Phylum Chordata (e.g. Eel)This is a featured page

Common Characteristics Between the Spotted Moray Eel and the Phylum Chordata


My name is Gymnothorax moringa, more commonly known as the Spotted Moray eel. I am member of the class Osteichthyes, or bony fishes, a subdivision of the Subphylum Vertebrata, which is a subdivision of the Phylum Chordata. My goal is to tell about my specific features as well as how I relate to all members of the Phylum Chordata. In order to explain this, let's take a look at the characteristics of all the levels of classification above myself to see the common features.

Since I am representing the entire Chordata Phylum, I am going to discuss the characteristics that are common among all of the members of the Phylum Chordata. All Phylum Chordata members have a notochordencased by a firm sheath that lies ventral to the neural tube, aollow nerve cord that lies dorsal to the notochord, pharyngeal pouches, and all are endostyle, which are elongated grooves in the pharynx floor of protochordates that may develop as the thyroid gland in chordates. All animals under the Phylum Chordata category in this Wiki share those four characteristics.

Beyond these four common characteristics, certain subclassifications of animals will share specific qualities. This process continues until one specific species is developed. By making more specific classifications, scientists can narrow down organisms until one, unique set of characteristics is found for a particular animal.Phylum Chordata (e.g. Eel) - CHS Animal KingdomPhylum Chordata (e.g. Eel) - CHS Animal Kingdom

7 Survival Functions

Feeding
I can feed in several ways, but I am primarily a carnivore that enjoys catching pray in a method worth posting on You Tube. One video above is an example myself eating a carcass, which is the typical spotted moray style. I typically eat dead fish carcases, arthropods, aquatic plants, and other small sea creatures. I utilize a mouth, esophagus, stomach and kidney, structures also found in humans. We may look quite different, but you will find many structures repeat between the human anatomy and the anatomy of eels like myself.

Respiration
I breath through gills, a method used by all fish. Diffusion helps aid in water movement through the gills, and oxygen is filtered from the water to give a life source to myself. Humans use air as their oxygen source, while I use water as their oxygen source. This oxygen gathering method is no different than that of a wide variety of sea creatures. All sea creatures share a certain bond, and I am proud to share the same respiration system with many of my comrades.Phylum Chordata (e.g. Eel) - CHS Animal Kingdom

Circulation
Similar to humans, I have a heart to pump the circulation of blood through my body. One of the major parts of my blood circulation system is the interaction with my gills, which enables the blood to transport oxygen to other cells in the fish. The circulation system also transports nutrients, wastes, and other objects that need to be relocated, a fundamental circulatory system function. My circulation system simply transports what I need where it is needed.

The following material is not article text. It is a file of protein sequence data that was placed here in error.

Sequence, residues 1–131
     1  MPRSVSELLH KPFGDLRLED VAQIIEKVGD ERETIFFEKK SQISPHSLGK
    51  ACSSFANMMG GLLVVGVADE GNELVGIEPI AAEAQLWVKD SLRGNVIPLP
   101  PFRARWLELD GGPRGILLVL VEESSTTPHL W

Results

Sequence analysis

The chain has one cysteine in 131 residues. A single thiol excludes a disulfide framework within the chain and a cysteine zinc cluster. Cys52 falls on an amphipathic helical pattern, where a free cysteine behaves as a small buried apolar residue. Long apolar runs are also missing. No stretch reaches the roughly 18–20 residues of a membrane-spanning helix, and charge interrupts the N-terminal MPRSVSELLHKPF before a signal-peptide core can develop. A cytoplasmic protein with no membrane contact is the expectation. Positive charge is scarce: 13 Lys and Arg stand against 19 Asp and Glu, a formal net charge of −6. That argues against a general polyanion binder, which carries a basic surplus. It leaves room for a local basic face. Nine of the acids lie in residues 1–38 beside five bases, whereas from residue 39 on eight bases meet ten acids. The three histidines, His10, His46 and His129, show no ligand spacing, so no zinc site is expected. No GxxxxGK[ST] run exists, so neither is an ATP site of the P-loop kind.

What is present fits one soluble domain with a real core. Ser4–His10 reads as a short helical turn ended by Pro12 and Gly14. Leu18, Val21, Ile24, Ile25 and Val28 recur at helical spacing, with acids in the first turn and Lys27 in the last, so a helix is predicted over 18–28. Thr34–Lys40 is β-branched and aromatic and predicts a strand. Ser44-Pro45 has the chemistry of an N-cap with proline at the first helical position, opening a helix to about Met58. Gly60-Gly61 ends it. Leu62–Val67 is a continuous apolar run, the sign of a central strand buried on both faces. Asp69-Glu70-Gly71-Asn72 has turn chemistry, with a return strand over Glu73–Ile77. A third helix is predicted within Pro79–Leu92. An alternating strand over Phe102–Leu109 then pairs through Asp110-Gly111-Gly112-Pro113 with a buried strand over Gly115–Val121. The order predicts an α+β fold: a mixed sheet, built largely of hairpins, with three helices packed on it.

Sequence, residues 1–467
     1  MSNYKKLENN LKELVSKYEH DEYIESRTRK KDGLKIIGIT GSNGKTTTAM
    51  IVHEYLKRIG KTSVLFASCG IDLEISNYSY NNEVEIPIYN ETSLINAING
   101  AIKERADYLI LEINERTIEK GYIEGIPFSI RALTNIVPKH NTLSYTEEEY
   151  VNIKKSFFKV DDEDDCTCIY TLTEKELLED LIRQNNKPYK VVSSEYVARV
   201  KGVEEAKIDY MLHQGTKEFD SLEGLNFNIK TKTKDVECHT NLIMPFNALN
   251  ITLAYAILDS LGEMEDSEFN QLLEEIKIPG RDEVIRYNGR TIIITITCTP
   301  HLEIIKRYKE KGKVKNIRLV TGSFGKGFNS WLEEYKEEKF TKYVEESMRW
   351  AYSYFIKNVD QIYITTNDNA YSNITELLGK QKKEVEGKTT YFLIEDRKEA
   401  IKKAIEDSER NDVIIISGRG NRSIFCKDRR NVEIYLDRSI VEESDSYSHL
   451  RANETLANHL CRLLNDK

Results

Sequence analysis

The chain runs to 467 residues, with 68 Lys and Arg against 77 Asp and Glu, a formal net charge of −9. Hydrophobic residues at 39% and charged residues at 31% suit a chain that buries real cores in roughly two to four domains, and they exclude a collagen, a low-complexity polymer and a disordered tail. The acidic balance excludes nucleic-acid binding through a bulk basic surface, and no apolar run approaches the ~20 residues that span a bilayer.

Excretion
For excretion, I remove my wastes similar to other aquatic animals through nitrogenous wastes, often in the form of ammonia. To regulate excretion, my kidneys continuously monitor the water levels within my body, which is one of the many homeostasis processes that occur in my body at all times.Phylum Chordata (e.g. Eel) - CHS Animal Kingdom

Response
I have a very well developed nervous system designed for quick responses in comparison to most organisms. My cerebrum is the main unit for my sense of smell, my cerebellum coordinates body movements, and my medulla oblongata regulates the functions of several internal organs. Also, my lateral line system detects nearby water currents so I may be aware of potential predators and prey. I may look like a simple tube like creature, but I can react in several complex ways.

Movement
I move by contracting several muscles along the outside of my body, and when I get in a rapid rhythm, I can move quickly to my destination or target of choice. Quick movement is an essential part of feeding successfully, and without my high agility level, it would be much harder to survive in the aquatic world. My transportation method separates me from many of my underwater rivals.Phylum Chordata (e.g. Eel) - CHS Animal Kingdom

Reproduction
Of the seven survival functions, reproduction is the most intriguing and interesting from my point of view. I reproduce sexually with a mate, and this process is extremely special to me. Specifically, I am oviparous, which means my eggs hatch outside the mother's body after being fertilized. It is my duty to help protect and aid my offspring so the Spotted Moray legacy may continue for future generations. Without, reproduction, you wouldn't be reading this information right now!





























Citations
"Spotted Moray eel." YouTube (2007). On-line. Internet. 22 April 2008. Available FTP: http://www.youtube.com/watch?v=CK8cCMADpmI.

"Spotted Moray Eats Carcass." YouTube (2006). On-line. Internet. 22 April 2008. Available FTP: http://www.youtube.com/watch?v=IRoR6nahrW0.

"Characteristics of Chordates." (2005). On-line. Internet. 28 April 2008. Available FTP:http://www.shsu.edu/~bio_mlt/Chap2.html.

"Wolf-eel Photos and Body Parts." Mondaragon Photography. (2007). On-line. Internet. 29 April 2008. Available FTP:http://www.mondragonphoto.com/stock/wolf-eel.html.



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